Of course this is a tragedy for both families, but the fact is there was one man with a gun and one young woman with no way to protect herself. Blame in on football injuries, blame it on the gun, blame on the stress of the football season. But, I hope this will shed the a little more light on domestic violence, because it was domestic violence that, in the end, killed Kasandra Perkins.
Yes, the Chiefs had a moment of silence before Sunday's game for the victims of domestic violence. But they didn't mention Kasandra's name.
While Zoey will have to grow up with the story of her father killing her mother and then killing himself, the true victim here, the one who could not defend herself against a football player with a gun, was Kasandra.
A story published online Sunday night just before 10pm by the Kansas City star finally gave details about who Kasandra was, how she met Belcher and includes interviews with stunned friends.
Her friend Shelby sums up my reason for writing this diary:
And as more details about the tragedy are likely to come, friends say what can’t get lost is how Perkins loved her life as a mother. A life that ended just as it was beginning.
“I don’t want her to get overshadowed by who he was,” VanCompernolle said. “I know he was a Chiefs player and a lot of people know him, but she deserve recognition, too.
I also added a suicide tag, but I am involved in some work, locally, w/suicide prevention and what I see is so far removed from the suicide in this situation.
BUT, all of this is about what we each bring to the table. Reading so many comments reminds me we all bring something different to the table and that is what makes this KOS community so wonderfully interesting. We all start from a progressive place, and from that seed the diversity grows.
Maybe it's just my local media, I turned the midday news on the in the background here, and one of my favorite anchors read a story about this incident with "IMPORTANT UPDATES." The updates were about how Perkins and Belcher had guns and spent time at gun ranges shooting together. Nothing more about that.
Then we saw images of fans in Belcher Jerseys and other memorials to him.
And from there the reporter went into the head injury/football relationship and new studies... they did, however, flash the photo from her facebook page - at the top of this diary.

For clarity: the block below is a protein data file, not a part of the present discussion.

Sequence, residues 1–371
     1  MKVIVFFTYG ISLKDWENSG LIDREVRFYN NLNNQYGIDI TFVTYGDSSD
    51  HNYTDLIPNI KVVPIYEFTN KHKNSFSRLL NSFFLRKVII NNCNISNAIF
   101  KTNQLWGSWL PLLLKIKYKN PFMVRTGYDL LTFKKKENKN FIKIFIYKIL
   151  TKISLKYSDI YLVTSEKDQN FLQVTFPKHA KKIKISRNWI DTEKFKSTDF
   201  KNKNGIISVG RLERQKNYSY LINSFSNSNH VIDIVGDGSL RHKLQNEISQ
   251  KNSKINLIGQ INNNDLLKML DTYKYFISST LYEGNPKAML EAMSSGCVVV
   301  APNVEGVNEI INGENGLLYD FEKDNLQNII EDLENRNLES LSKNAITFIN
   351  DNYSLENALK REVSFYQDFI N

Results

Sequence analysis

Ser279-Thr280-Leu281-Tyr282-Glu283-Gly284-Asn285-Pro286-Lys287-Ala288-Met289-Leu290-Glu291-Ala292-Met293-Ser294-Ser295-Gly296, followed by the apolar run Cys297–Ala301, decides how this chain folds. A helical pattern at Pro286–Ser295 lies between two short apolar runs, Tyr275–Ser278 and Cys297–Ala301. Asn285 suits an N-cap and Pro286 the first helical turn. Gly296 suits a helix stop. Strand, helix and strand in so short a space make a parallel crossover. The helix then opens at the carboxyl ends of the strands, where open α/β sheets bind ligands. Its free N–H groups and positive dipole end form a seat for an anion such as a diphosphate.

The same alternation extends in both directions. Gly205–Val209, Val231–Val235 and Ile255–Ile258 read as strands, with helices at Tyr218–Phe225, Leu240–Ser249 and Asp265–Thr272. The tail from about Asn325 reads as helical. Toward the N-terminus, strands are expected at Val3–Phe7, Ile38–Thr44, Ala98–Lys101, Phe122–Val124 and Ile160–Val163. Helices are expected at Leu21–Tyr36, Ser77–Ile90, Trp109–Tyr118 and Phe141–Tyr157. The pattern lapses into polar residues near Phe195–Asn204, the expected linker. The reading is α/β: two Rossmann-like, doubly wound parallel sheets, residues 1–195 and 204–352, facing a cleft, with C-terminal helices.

BOB COSTAS CRITICIZED FOR GUN CONTROL EDITORIAL
WCVB Boston posted this story on their website - short and to the point - excerpt:
In a segment about 90 seconds long, Costas paraphrased and quoted extensively from a piece by Fox Sports columnist Jason Whitlock.
After praising the column, Costas said: "In the coming days, Jovan Belcher's actions and their possible connection to football will be analyzed. Who knows? But here, wrote Jason Whitlock, is what I believe. If Jovan Belcher didn't possess a gun, he and Kasandra Perkins would both be alive today."
- snip -
The online reaction to Costas' segment was swift, with many people criticizing the broadcaster for expressing his personal views on a program meant for entertainment.
The National Domestic Violence Hotline "The Hotline" provides services and links to anyone needs help with domenstic violence issues 1-800-799-SAFE (7233), or 1-800-787-3224 (TTY). Advocates who are Deaf are available Monday to Friday, 9 a.m. to 5 p.m. (PST) by videophone (855-812-1001), instant messenger (DeafHotline) or email (firstname.lastname@example.org).
Hotline advocates are available for victims and anyone calling on their behalf to provide crisis intervention, safety planning, information and referrals to agencies in all 50 states, Puerto Rico and the U.S. Virgin Islands. Assistance is available in English and Spanish with access to more than 170 languages through interpreter services.
Tue Dec 04, 2012 at 8:39 PM PT: Laurence O'Donnell interviewed Bob Costas Tuesday night - and the perspective was perfect.